Topological ideas can be traced back to Gottfried Wilhelm Leibniz (1646-1716), but three of the most famous figures in the development of topology are Möbius, Riemann, and Klein.
Augustus Ferdinand Möbius (1790-1868) is best known for his invention of the Möbius strip, which is a simple strip of paper that is twisted and connected so that it has only one side. Normally, cutting a strip of paper into a long, narrow rectangle and connecting the ends will result in a belt-like loop with two sides. A person cannot draw a single line with a pencil on both sides of the belt-like loop without crossing an edge. In constructing the Möbius strip, however, the strip of paper is twisted as it is looped, and the result is a one-sided object.
At first, this one-sided construction seems impossible, but if a person draws a straight, continuous line on the Möbius strip, the line will cover the entire length of both sides of the strip without ever crossing an edge, and it will return to its starting point in one long stroke.
Georg Friedrich Bernhard Riemann (1826-1866) developed some of the most important topological ideas about the stretching, bending, and twisting of surfaces, but he died prematurely at the age of 39 before he could expand significantly upon his ideas.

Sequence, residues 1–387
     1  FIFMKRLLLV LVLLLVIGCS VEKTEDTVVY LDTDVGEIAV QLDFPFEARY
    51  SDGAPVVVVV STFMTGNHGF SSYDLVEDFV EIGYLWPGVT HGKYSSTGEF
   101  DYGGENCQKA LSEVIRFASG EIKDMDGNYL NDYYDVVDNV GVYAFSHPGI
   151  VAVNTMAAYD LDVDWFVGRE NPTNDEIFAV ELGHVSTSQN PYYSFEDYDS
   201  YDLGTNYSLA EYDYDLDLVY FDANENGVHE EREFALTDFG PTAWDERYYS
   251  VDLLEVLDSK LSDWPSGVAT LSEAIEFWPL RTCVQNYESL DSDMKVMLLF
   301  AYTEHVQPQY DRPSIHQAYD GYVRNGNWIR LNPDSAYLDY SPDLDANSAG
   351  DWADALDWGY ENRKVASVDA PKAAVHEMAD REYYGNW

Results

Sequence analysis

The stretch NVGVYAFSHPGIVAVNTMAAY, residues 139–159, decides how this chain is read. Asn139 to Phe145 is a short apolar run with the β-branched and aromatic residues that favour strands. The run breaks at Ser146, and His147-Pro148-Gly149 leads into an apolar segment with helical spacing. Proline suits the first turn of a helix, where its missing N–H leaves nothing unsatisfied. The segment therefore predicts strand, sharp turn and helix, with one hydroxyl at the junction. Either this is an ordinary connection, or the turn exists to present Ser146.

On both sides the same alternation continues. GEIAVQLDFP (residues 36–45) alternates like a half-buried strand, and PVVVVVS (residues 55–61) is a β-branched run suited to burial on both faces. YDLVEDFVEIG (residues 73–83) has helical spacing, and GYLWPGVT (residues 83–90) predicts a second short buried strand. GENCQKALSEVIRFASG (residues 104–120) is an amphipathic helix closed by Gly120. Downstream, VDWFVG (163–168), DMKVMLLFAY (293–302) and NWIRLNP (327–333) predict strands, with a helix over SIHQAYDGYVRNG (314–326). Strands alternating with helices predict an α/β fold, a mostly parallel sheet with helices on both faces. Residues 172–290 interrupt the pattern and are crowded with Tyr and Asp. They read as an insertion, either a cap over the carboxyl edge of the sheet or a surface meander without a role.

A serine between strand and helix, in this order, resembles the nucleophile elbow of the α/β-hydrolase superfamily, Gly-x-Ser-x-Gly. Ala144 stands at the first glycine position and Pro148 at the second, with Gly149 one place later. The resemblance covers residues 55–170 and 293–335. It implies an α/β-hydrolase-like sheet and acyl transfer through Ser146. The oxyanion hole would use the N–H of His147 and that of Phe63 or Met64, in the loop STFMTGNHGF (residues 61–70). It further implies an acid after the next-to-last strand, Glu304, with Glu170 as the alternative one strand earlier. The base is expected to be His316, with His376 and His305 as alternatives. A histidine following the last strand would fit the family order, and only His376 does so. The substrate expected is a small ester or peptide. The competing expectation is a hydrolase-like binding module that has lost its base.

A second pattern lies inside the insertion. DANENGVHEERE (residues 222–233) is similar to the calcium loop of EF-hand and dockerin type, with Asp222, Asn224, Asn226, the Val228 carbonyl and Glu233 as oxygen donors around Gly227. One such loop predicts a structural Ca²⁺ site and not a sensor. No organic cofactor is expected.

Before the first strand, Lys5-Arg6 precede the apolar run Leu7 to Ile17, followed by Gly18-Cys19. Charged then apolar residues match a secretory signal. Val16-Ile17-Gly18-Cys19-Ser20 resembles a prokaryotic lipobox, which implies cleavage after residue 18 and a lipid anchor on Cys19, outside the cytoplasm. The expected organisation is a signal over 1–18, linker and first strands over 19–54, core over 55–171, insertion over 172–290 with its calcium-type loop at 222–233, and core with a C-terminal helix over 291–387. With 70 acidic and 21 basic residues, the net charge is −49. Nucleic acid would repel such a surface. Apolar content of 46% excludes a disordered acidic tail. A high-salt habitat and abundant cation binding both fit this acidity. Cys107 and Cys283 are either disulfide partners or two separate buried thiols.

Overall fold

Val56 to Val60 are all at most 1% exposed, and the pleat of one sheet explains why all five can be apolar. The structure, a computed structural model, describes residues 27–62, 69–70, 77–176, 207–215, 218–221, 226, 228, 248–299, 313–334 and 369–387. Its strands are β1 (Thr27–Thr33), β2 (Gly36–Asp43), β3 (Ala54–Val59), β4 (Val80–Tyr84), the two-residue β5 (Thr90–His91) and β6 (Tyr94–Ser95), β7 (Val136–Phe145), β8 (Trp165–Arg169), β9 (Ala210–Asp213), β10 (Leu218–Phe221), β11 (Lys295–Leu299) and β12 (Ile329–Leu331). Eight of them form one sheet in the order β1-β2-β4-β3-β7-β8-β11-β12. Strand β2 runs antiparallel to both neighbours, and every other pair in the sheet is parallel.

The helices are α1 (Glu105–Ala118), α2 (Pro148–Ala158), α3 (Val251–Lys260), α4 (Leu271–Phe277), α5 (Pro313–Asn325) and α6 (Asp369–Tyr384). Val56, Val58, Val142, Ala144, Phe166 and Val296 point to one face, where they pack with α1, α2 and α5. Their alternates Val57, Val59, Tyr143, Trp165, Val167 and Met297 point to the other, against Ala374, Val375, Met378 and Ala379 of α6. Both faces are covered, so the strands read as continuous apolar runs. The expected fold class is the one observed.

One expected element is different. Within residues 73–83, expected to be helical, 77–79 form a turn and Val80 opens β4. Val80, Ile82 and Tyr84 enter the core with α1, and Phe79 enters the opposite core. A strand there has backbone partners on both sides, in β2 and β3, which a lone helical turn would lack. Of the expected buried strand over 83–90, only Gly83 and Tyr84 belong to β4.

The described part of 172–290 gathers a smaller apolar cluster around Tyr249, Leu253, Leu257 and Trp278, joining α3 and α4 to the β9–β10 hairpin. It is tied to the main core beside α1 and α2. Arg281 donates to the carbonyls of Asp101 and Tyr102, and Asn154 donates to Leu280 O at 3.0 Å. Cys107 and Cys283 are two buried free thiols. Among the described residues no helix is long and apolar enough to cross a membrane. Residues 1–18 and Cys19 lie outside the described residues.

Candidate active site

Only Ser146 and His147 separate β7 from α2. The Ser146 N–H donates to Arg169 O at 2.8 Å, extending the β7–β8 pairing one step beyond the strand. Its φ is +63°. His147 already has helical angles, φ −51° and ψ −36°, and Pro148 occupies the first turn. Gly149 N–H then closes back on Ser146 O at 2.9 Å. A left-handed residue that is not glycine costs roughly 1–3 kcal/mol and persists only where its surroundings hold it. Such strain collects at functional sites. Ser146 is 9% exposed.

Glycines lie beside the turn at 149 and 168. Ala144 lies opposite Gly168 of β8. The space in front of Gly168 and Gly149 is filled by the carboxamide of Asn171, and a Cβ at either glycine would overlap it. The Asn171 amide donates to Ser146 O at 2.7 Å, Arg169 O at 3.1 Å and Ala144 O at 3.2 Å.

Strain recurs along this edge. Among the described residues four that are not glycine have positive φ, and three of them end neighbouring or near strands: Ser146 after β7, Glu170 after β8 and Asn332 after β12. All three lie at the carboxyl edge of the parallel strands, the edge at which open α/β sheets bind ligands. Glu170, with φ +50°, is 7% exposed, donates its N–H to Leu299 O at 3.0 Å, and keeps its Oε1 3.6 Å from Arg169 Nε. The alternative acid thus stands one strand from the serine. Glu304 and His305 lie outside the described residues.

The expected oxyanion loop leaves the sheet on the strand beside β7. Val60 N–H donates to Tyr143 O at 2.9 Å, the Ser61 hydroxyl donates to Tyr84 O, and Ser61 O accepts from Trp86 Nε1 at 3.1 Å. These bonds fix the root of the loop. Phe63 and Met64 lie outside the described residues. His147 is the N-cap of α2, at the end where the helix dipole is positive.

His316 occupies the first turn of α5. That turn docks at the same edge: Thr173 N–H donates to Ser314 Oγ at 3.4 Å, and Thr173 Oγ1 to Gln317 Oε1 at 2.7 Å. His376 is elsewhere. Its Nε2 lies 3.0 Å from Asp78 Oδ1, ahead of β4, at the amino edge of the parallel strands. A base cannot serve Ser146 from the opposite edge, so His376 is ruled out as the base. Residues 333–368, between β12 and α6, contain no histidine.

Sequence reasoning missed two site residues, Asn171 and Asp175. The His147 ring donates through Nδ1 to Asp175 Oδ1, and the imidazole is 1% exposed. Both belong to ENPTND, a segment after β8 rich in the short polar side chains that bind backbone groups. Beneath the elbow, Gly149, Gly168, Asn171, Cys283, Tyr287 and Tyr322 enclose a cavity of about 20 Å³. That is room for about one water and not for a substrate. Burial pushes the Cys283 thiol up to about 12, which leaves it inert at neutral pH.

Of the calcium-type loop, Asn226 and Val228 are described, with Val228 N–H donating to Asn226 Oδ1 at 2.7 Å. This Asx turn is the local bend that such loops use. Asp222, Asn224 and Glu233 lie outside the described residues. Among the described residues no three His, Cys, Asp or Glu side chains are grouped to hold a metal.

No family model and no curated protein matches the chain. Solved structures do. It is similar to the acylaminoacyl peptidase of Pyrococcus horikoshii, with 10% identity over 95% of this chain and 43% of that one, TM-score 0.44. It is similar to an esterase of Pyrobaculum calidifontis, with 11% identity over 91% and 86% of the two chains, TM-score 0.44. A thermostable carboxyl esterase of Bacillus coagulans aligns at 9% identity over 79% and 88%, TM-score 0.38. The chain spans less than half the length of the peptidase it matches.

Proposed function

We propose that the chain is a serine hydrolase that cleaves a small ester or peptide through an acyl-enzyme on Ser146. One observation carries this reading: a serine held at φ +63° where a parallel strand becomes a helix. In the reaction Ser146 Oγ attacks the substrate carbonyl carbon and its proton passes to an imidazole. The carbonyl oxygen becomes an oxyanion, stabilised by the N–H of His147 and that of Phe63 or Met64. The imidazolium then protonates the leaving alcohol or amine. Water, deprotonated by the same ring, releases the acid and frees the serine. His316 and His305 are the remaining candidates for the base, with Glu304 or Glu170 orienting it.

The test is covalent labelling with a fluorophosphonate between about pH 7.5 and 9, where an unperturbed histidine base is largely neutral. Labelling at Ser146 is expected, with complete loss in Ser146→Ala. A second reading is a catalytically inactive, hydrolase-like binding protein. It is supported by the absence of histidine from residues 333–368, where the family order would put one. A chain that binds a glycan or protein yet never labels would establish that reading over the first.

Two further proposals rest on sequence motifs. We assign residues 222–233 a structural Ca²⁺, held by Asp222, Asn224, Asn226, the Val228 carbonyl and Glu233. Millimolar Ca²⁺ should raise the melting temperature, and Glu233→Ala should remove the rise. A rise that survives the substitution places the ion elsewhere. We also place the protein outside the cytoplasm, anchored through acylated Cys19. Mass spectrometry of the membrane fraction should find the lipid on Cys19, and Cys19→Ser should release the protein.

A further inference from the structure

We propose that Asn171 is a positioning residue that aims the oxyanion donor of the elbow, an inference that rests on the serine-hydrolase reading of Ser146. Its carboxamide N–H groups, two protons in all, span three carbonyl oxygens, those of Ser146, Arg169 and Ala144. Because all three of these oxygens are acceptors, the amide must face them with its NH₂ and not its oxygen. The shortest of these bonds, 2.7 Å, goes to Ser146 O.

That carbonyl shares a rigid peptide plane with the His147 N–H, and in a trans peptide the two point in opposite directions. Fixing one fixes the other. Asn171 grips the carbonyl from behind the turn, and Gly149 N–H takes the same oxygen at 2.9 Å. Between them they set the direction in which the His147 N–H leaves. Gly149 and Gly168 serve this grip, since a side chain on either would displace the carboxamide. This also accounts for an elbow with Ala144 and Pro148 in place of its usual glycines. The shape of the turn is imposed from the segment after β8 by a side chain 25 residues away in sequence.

Felix Klein (1849-1925) is best known for the paradoxical figure which was named after him: the Klein bottle.
The Klein bottle is a one-sided object that has no edge. It is a tapered tube whose neck is bent around to enter the side of the bottle. The neck continues into the base of the bottle where it flares out and rounds off to form the outer surface of the bottle. Like the Möbius strip, any two points on the bottle can be joined by a continuous line without crossing an edge, which gives the impression that the inside and outside of the Klein bottle are continuous.